There has been a lot of talk about President-elect Donald Trump rolling back bank regulations, making it easier to profit on Wall Street.
But in the days since the election, he is already greasing the wheels for bigger revenues at banks in the near term. Financial traders can thank Trump for making the last three months of the year much busier than usual.
Trump's proposals, even in sketchy form, have thrown global markets into turmoil. He's a wild card, a self-professed agent of change. He's planning huge things with potentially huge consequences. In response, some stocks are soaring, many bonds are plunging, and companies are rushing to get deals done before rules and policies change. This adds up to lots of banking and trading business.
Bank of America facilitated some of the biggest stock-trading volumes in its history on the day after Trump's election, according to a Wall Street Journal article on Tuesday. The firm's fourth-quarter trading results will most likely sharply exceed those in the same period last year, according to the article.
Trading and banking momentum has continued at JPMorgan after a surprisingly good third quarter, while Citigroup said its markets revenue would be up "meaningfully" from last year, according to Bloomberg News articles on Wednesday.
Any way you slice it, trading volumes have been elevated in the past week. Stock activity popped.
Corporate-bond volumes were 31 percent higher in the days after Nov. 8 than during a similar period a year earlier, according to Finra's Trace data.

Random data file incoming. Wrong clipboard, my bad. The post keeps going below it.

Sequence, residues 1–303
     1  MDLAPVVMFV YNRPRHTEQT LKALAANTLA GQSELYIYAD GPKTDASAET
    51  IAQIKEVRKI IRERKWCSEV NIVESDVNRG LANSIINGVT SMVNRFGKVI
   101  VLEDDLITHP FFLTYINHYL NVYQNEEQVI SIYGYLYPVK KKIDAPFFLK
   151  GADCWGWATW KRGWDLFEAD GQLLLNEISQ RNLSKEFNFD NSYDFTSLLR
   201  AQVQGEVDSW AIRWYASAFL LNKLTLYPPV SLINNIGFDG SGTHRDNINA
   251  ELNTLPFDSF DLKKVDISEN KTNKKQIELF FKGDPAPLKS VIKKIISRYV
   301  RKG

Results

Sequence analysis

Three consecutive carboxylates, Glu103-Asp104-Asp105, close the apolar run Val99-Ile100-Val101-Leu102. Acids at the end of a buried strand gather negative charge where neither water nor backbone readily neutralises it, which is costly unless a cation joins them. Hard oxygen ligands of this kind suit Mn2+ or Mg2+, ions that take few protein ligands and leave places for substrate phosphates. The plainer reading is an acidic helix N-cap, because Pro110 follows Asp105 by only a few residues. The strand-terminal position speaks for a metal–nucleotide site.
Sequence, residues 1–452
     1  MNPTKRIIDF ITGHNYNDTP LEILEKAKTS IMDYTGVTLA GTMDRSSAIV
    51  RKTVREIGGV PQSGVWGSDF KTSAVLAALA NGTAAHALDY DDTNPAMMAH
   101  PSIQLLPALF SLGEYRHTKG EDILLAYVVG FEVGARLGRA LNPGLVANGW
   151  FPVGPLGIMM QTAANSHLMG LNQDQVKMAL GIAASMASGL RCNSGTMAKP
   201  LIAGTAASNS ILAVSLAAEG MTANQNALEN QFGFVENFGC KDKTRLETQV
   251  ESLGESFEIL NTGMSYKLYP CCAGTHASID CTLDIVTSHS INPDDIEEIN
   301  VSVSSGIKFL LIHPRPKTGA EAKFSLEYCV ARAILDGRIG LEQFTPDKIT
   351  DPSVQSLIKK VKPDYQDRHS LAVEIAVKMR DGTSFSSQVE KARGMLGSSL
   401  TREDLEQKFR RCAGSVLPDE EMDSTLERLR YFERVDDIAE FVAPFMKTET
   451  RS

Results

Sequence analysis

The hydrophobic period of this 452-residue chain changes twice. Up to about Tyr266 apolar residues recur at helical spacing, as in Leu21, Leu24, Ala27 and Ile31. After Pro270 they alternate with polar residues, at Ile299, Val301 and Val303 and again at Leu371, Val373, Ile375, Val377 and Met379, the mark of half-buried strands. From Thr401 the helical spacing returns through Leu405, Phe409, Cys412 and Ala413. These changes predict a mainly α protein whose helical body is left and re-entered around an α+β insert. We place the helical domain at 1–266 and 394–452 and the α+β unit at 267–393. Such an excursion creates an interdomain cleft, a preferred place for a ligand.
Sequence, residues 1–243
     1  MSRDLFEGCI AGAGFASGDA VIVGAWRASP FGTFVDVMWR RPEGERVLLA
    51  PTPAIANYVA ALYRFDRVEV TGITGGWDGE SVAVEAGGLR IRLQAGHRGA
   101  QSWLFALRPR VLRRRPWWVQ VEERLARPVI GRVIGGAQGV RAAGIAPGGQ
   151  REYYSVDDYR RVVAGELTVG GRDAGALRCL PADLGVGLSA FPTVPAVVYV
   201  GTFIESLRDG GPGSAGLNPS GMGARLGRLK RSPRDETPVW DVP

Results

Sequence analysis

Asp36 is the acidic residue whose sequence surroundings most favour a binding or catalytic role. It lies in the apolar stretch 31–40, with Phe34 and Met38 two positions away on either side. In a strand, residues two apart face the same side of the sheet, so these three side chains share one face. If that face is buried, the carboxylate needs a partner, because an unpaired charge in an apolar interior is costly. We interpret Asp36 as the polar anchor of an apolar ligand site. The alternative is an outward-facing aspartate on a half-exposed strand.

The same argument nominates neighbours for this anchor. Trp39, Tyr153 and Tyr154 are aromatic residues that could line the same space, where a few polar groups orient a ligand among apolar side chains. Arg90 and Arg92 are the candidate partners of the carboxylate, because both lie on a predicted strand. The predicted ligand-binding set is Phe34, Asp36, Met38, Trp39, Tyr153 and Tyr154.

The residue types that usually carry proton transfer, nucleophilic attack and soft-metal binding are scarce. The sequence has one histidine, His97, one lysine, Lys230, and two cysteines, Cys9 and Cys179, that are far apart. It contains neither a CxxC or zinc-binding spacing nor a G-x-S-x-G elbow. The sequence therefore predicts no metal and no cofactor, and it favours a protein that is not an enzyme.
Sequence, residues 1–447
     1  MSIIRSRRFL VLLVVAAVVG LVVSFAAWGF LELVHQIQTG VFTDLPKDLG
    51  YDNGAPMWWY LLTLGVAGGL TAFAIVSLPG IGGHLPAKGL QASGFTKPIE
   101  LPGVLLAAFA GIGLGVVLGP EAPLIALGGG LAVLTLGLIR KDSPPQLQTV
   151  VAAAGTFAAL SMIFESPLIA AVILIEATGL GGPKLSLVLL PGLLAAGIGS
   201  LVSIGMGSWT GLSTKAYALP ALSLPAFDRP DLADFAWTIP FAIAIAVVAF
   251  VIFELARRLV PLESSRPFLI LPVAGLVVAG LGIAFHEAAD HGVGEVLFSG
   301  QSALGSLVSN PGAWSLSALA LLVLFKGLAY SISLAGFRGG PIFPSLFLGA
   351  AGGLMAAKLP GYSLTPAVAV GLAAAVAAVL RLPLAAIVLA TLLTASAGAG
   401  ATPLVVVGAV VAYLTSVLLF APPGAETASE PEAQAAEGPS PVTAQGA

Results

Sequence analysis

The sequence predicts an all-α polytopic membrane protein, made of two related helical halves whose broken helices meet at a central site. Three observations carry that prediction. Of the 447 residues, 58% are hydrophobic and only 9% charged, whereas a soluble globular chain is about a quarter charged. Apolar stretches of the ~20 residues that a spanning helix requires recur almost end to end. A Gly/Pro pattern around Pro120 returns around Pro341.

In the night after Trump was elected president, trading in Treasury futures was so heavy that it dwarfed anything seen even in the aftermath of the U.K. referendum to leave the European Union in June, according to FTN Financial's Jim Vogel.
This turbocharged activity builds on what's already been a good year for Wall Street traders, especially compared with years of layoffs and falling compensation. Recruitment firm Options Group predicts that annual pay for debt traders globally will grow for the first time since 2012 because of all the volatility.
Trump promises to fuel this lack of certainty and elevated activity for the foreseeable future. There's already talk about what his administration will do to the Federal Reserve, which has acted as a steadying force for markets, for better or worse. Some of Trump's economic advisers are calling for the Fed to shrink its balance sheet, which would most likely spur a significantly bigger bond selloff than the one over the the past week. Either way, higher inflation expectations could potentially force the Fed to raise rates faster than many have expected.
And then there's the question of Trump's actual spending plans and whether Congress will go along with them. As details emerge, market expectations will most certainly shift.
All this adds up to more business for Wall Street trading desks. Gone are the slow days when traders dug their nails into their thighs, wondering whether yields would ever rise again. Uncertainty is back, and with it comes lucrative trading for the banks.
This column does not necessarily reflect the opinion of Bloomberg LP and its owners.
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